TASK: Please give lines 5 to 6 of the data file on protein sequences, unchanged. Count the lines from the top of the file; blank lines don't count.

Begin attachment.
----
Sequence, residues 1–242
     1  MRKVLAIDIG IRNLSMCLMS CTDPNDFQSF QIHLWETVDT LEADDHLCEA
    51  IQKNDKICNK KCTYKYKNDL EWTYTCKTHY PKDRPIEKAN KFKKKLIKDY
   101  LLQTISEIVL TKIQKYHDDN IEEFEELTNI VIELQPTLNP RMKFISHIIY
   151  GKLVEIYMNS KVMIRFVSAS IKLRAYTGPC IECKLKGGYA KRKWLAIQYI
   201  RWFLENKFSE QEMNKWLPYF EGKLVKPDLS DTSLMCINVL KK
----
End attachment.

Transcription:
   151  GKLVEIYMNS KVMIRFVSAS IKLRAYTGPC IECKLKGGYA KRKWLAIQYI
   201  RWFLENKFSE QEMNKWLPYF EGKLVKPDLS DTSLMCINVL KK